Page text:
The Carnegie Endowment for International Peace hosted a Muslim Brotherhood delegation in Washington last week to better understand how the Islamist group will govern Egypt. It was a noble attempt at promoting intercultural political dialogue—an engagement for which many in the American policy community, as well as academia, have long advocated. Yet the Brotherhood came to Washington with an agenda of its own: selling itself as a “moderate” organization to a highly skeptical American public. And it did so using one of the oldest sales tricks: It completely misrepresented itself.
In a certain sense, the Muslim Brotherhood’s representatives had no other choice. If they admitted, for example, that they intend to repeal the law that criminalizes sexual harassment—as one of their female parliamentarians declared earlier last week—they would have killed their chances at winning over an American public that embraces gender equality. Similarly, if the Brotherhood’s representatives used their time in Washington to reiterate their leaders’ calls for banning beach tourism, it would have destroyed any hopes of an American taxpayer-aided bailout for the nearly bankrupt Egyptian economy. And if they’d repeated their leaders’ 9/11 conspiracy theories, they would have been on the first plane back to Cairo, rather than invited for meetings at the White House and State Department.
Thus, the Brotherhood presented a version of its politics very different from the one that would be familiar to Egyptians. For instance, when asked about the organization’s plan to sink Egypt’s peace treaty with Israel by putting it to a referendum—which multiple Brotherhood officials have called for quite publicly—Brotherhood-affiliated Freedom and Justice Party MP Abdel Mawgoud al-Dardery simply denied it. “No referendum at all concerning international obligations,” he told Ben Birnbaum of The Washington Times. “All our international agreements are respected by the Freedom and Justice Party, including Camp David.” Sondos Asem, editor of the English-language Brotherhood website Ikhwanweb, was only slightly less misleading. “We’ve reiterated our position towards both the treaty with Israel and all the treaties that have been signed by previous governments,” she said on CNN. “We are not willing to change any of these treaties unless if there is a massive popular will to change that.” Asem’s “unless” qualification seemingly went unnoticed, neatly buried under her pro-peace platitudes.
The Brotherhood also denied the limited representation that it had afforded Christians and secularists on the Constituent Assembly, which will write Egypt’s next constitution. The 100-member assembly includes only 16 secularist party members, six women, and five Christians— and, as a result, at least 25 of the assembly’s members have walked out. But al-Dardery depicted an alternate reality. “The Freedom and Justice Party insisted to be as inclusive as possible—included liberals, secularists, Coptics, people of Al-Azhar,” hetold a Georgetown University audience, before serving up a bigger whopper. “What is interesting about the committee writing the constitution, it is criticized by both extremes,” he said. “One extreme from Al-Azhar saying that we’re underrepresented, and then the secular liberal party is saying we’re underrepresented. So that can tell you exactly that the committee is trying really to be in the middle and invite everyone.” This wasn’t quite right. Al-Azhar—the preeminent institution of Sunni learning—was not objecting to the Muslim Brotherhood’s supposed centrism. It objected to the Brotherhood’s bid to control the constitutional process to the exclusion of others, and thus found itself on the exact same side as Egyptian secularists.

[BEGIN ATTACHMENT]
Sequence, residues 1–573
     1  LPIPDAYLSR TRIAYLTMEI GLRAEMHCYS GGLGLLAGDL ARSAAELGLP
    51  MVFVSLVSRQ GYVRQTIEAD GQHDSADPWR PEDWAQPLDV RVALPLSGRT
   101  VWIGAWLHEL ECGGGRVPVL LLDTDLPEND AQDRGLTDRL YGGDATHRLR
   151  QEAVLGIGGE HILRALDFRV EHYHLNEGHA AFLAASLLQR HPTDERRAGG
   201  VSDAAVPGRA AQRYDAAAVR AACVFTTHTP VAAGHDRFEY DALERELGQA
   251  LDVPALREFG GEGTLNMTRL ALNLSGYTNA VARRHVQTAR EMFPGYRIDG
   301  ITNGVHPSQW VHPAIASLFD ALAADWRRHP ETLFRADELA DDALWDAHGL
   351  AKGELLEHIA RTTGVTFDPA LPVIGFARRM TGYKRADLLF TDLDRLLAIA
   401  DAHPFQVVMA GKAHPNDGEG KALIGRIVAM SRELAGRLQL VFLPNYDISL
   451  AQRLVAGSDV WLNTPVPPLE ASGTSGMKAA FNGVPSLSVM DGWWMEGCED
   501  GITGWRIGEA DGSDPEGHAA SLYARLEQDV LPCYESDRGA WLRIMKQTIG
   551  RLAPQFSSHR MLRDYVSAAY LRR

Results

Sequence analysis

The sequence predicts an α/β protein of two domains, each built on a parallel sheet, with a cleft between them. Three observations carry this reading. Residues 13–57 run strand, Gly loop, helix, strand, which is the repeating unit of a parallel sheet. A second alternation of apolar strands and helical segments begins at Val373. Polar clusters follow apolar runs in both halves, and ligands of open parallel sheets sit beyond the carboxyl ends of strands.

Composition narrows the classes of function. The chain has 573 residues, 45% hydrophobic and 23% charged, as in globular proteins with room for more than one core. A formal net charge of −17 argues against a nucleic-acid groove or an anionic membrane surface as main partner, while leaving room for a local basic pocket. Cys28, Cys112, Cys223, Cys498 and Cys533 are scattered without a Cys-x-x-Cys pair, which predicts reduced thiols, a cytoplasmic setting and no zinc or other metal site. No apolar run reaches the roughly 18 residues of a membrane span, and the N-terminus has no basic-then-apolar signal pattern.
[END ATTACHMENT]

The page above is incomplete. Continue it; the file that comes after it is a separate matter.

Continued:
Of course, the Brotherhood’s representatives also used their time in America to deny their theocratic aims. “As our name indicates, we are the Freedom and Justice Party,” said Asem, the Brotherhood website editor, on CNN. “And what we would like to achieve in Egypt is actually a civil democratic state that is based on the rule of law.” But the Brotherhood’s presidential candidate, Khairat al-Shater, recently promised to give clerics a legislative role—an undemocratic structure if there ever was one.
Later, when pressed on the role of women at Georgetown by a liberal Egyptian activist, Asem said, “We are … working to improve the situation of women in society, getting to the root causes of the problem of the marginalization of women.” It remains unclear, though, how the Muslim Brotherhood’s longtime opposition to legislation banning female genital mutilation, which a Brotherhood parliamentarian recently reiterated, plays into the Brotherhood’s supposed concerns for women’s social role. And when CNN’s Brianna Keilar pressed al-Dardery on the Brotherhood’s clitorectomy stance, the parliamentarian suddenly got defensive. “The Egyptian people will decide for themselves what is good for them,” I overheard him telling Keilar. “It is not acceptable for anyone to tell the Egyptian people how to think this way or the other way.” Al-Dardery’s insistence on Egypt’s sovereign right to circumcise women was, perhaps, his most honest remark of the trip.
One only hopes that the Brotherhood’s discussions with American officials, including Deputy Secretary of State William Burns and National Security Council Senior Director Steven Simon, were more frank. But I’m not optimistic: The Muslim Brotherhood’s English-language moderation always seems to stand at odds with its truly radical ideology.
Eric Trager is the Ira Weiner Fellow at the Washington Institute for Near East Policy.